“Compromise is OK in other ways,” Rushin says, “but it’s not always an acceptable outcome when it means putting a dangerous person back on the street with a badge or a gun.”

While contracts and arbitration have made it more difficult to punish dangerous or otherwise unfit officers, police unions have embedded their machinery deeply within the political system in other ways. Because of their swelling, dues-paying rank and file, police unions “have access to very, very large sums of money” and use it “to influence the political system,” says George Gascón, a former Los Angeles Police Department officer and current candidate for Los Angeles District Attorney. Police unions “are almost intoxicated with that power of the money,” he says.

Their lobbying efforts are robust. In response to Democrats’ recent efforts to establish new federal policing restrictions, Larry Cosme, president of the Federal Law Enforcement Officers Association, told the New York Times, “We’re going to come out swinging. We’re not going to back down.”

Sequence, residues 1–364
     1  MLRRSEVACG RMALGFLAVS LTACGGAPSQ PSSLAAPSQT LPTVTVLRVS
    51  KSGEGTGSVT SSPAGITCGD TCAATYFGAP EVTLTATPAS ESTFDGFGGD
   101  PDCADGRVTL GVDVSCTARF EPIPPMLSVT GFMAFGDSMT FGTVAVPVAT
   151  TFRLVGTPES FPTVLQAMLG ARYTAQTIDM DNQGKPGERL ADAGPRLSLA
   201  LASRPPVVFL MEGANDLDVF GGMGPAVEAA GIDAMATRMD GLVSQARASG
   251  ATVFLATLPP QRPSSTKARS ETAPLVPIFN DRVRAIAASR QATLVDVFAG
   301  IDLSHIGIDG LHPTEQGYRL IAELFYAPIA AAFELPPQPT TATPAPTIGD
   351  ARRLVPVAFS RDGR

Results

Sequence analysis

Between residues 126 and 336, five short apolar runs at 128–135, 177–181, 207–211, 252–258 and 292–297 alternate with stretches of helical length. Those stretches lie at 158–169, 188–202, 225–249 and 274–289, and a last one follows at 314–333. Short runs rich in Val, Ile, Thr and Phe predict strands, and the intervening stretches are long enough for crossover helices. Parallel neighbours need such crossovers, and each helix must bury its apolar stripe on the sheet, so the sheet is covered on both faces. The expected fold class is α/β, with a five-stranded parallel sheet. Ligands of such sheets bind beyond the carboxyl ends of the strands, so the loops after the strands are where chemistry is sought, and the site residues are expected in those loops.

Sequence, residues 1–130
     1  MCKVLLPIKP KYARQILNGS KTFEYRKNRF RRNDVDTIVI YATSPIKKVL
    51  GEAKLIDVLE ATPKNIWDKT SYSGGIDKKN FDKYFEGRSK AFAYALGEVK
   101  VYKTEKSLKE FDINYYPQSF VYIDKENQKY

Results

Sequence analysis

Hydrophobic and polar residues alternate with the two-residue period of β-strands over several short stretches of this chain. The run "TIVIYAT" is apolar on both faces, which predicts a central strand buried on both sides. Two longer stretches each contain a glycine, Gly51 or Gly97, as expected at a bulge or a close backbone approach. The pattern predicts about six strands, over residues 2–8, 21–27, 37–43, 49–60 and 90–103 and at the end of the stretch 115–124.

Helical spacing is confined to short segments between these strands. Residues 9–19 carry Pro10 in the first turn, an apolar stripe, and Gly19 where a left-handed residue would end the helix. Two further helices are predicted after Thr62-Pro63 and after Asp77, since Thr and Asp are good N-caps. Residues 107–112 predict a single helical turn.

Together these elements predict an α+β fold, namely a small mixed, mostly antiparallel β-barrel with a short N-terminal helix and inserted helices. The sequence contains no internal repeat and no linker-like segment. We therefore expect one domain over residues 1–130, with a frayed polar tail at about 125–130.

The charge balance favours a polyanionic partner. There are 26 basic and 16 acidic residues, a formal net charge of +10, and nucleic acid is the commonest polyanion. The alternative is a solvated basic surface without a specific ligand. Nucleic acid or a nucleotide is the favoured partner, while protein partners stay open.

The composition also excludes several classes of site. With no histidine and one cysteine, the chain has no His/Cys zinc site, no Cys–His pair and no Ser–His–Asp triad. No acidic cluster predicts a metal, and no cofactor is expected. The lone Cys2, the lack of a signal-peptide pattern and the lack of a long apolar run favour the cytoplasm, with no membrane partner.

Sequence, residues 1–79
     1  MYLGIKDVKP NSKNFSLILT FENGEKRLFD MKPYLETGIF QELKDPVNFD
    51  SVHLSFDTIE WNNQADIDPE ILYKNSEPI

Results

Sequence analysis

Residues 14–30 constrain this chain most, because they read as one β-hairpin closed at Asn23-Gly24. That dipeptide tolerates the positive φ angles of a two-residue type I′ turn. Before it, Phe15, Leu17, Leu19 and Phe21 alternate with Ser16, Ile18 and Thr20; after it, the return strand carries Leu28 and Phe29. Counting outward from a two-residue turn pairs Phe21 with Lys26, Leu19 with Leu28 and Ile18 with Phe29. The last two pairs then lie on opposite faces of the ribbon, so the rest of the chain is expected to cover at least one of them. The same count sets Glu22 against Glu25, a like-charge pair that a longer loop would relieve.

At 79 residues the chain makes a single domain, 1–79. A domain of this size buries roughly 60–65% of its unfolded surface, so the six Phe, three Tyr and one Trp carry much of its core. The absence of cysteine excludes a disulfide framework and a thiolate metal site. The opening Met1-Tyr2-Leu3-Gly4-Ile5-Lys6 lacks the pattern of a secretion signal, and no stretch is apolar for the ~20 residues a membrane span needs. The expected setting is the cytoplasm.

Police unions have a history of banding together to kill legislation around jail sentencing reform, and many other initiatives they might deem detrimental to their interests. In Wisconsin, where police were exempted from controversial right to work policies enacted by former governor Scott Walker, police unions have spent around $2.3 million in the last decade on lobbying and elections, Urban Milwaukee reported this month. Across the country, police union lobbying efforts have reached a total of $87 million spent in major cities over the last 20 years, according to an analysis from the Guardian. Police union and political action committee money has flowed to a bipartisan faction of Congressional leaders for decades. Out of the top 10 recipients of police money in both the House and Senate since 1994, six are current Democrats, including Sens. Amy Klobuchar (Minn.) and Sherrod Brown (Ohio), an analysis by Open Secrets found.